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1

I'm going with the KMC X10 line of chains, in particular, the KMC X10.93 chain, looks like around $25, as my "one chain to drive them all" for my 9 and 10 speed rear derailleur bike collection of Shimano drive train bikes. After it arrives, I'll post an update with the experience-based results on my 9 speed bikes.


0

So this bike at one time had a derailleur, right? But you only want to ride with one of two rear cogs now? And whichever you choose, you'd stick with that one for the whole ride? If so, I'd be inclined to pop an inexpensive derailleur on there to provide the correct chain tension in either cog. Then I'd just use the derailleur limit adjustment screws to ...


3

I found a site a while ago called Velosolo, the guy who runs it seems to be quite knowledgeable about conversions, and he has a couple of kits on there - you might be able to get away with ripping your cassette off and replacing it with a cog and a bunch of spacers. Because of the vertical dropouts you'd still need to tension the chain somehow (the obvious ...


3

If you poke around on the web enough, you'll find a "magical" gear ratio calculator somewhere. You input the length from BB to dropout and it spits out the front/back combos that will work w/o a tensioner. Try this one. http://eehouse.org/fixin/fixmeup.php It would be much simpler to change the front chainring, if you can find a magical combo that ...


2

Sounds like you have multi-speed cassette, no derailleur, and no chain tensioner. On the 18T you have good chain tension. Even in this set up as the chain stretches you will get slack on the 18T. Moving to the 16T is not full chain link. A horizontal drop out is typically a little longer then one chain link. If you get all the way back and have slack ...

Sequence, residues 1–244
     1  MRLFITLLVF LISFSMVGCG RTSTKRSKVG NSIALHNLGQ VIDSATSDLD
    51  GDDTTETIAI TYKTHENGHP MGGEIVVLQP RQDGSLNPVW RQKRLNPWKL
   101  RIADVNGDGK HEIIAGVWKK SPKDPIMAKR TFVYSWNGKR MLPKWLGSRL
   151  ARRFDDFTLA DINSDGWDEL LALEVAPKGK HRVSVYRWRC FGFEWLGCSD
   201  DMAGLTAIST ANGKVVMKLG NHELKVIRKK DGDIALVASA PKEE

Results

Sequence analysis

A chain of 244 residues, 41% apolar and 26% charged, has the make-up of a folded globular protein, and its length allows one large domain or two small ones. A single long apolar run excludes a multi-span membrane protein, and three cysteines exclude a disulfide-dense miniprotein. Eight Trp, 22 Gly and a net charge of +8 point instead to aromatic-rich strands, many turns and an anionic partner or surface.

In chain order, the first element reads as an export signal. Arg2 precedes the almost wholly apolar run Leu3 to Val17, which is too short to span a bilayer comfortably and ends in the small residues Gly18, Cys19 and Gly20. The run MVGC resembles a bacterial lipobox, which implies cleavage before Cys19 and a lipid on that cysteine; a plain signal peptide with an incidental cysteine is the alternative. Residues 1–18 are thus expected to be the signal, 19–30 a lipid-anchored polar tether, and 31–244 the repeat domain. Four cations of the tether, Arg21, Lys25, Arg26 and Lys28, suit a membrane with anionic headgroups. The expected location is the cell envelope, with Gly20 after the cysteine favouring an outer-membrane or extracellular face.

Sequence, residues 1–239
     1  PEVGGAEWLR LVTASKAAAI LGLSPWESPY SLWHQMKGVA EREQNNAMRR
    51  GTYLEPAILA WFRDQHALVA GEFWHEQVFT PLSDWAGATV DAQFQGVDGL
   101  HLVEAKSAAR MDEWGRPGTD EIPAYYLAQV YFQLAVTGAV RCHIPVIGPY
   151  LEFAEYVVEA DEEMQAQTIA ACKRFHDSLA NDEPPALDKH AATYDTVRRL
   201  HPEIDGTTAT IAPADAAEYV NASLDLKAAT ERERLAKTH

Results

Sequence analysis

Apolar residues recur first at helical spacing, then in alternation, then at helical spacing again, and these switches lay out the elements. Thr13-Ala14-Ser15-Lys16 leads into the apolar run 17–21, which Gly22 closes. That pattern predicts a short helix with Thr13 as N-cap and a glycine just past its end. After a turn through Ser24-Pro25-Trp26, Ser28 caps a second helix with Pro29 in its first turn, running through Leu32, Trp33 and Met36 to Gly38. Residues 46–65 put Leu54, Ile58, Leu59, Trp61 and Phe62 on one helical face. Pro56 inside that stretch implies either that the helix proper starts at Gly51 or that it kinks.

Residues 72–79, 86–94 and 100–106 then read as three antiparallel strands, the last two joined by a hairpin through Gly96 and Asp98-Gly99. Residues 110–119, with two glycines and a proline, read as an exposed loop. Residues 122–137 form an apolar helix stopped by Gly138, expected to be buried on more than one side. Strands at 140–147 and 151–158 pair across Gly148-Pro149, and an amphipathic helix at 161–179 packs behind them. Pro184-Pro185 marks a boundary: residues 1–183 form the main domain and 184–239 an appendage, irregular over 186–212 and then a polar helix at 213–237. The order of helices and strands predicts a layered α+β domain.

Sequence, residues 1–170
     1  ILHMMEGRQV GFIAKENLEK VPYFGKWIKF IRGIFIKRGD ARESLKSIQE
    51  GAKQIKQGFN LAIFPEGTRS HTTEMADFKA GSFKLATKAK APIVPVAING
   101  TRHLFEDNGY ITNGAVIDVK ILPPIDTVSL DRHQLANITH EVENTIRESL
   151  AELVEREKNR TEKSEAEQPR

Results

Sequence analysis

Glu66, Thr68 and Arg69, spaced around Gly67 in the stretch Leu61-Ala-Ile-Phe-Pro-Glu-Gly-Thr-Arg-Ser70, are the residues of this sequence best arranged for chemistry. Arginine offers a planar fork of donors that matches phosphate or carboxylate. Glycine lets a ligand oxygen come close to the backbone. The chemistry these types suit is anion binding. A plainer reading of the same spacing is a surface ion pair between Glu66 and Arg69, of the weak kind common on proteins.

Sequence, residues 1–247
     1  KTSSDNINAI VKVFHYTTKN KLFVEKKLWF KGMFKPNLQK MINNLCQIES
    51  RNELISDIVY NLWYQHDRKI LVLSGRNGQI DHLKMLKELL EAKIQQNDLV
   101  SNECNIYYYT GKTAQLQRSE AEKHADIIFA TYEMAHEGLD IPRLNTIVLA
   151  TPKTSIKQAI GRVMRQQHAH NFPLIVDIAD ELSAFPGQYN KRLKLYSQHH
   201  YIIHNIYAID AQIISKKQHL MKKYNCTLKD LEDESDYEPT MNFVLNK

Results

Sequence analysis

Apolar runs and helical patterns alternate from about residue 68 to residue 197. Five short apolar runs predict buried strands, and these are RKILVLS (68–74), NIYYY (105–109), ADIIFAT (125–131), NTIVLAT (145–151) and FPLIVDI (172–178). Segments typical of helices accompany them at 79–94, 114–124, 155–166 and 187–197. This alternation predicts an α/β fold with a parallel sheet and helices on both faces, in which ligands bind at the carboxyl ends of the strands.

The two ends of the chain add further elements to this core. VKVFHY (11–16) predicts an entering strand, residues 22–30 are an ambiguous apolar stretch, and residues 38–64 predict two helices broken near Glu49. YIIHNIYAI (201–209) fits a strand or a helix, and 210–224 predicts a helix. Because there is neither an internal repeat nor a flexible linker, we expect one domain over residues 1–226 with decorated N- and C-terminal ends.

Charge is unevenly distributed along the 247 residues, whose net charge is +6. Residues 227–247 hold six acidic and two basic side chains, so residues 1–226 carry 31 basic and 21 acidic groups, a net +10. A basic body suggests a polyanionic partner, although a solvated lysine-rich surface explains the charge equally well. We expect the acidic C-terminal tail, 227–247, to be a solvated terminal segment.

1

You can simply add a cheap chain tensioner and be done with it. The chain line will most likely not be ideal anyway if you left the entire cassette on there, so that shouldn't be a concern.


4

As far as I'm aware, Shimano and SRAM cassettes are interchangable, at least in the 8 and 9 speed range. Your derailleur should be fine. As far as the chain goes, depending on how worn it is, you might want to replace it with a new one. Mixing a worn chain with a new cassette is a sure way to wear out the cassette prematurely. Also, this is a good ...


5

When you have a multi-speed setup, the derailleur handles all responsibility of maintaining chain tension. The Cross-check frame has the semi-horizontal dropouts so it can be utilized for single speed applications, and it's only for those applications that you control chain tension by wheel spacing. Where the wheel goes in the dropouts for a multi-speed ...


0

You don't say what derailleur and shifter you have, but if they are an indexed Campagnolo system the spacing they're designed for is different in the middle of the cassette to the ends. I had exactly these symptoms with a 10-speed Campagnolo cassette on a SRAM bike. You will have an array of problems if the mech and shifter's idea of cable pull do not ...


4

It seems you're missing the 'tensioners'‡. They go on each side of the axle with the cap hooked on the end of the dropout. You can then adjust the tension of the chain by fastening or loosening the nut on the end (first loosen the axle nut, of course). Chain tensioners by 1-1111. Not all bikes have these, though. ‡: I couldn't find the ...


7

Move the wheel back in the dropout. Equal on both sides. Go for 1/2 to 1 inch of play in the chain. And that valve stem might be leaning a bit. Probably not enough to matter but ideally it is straight.



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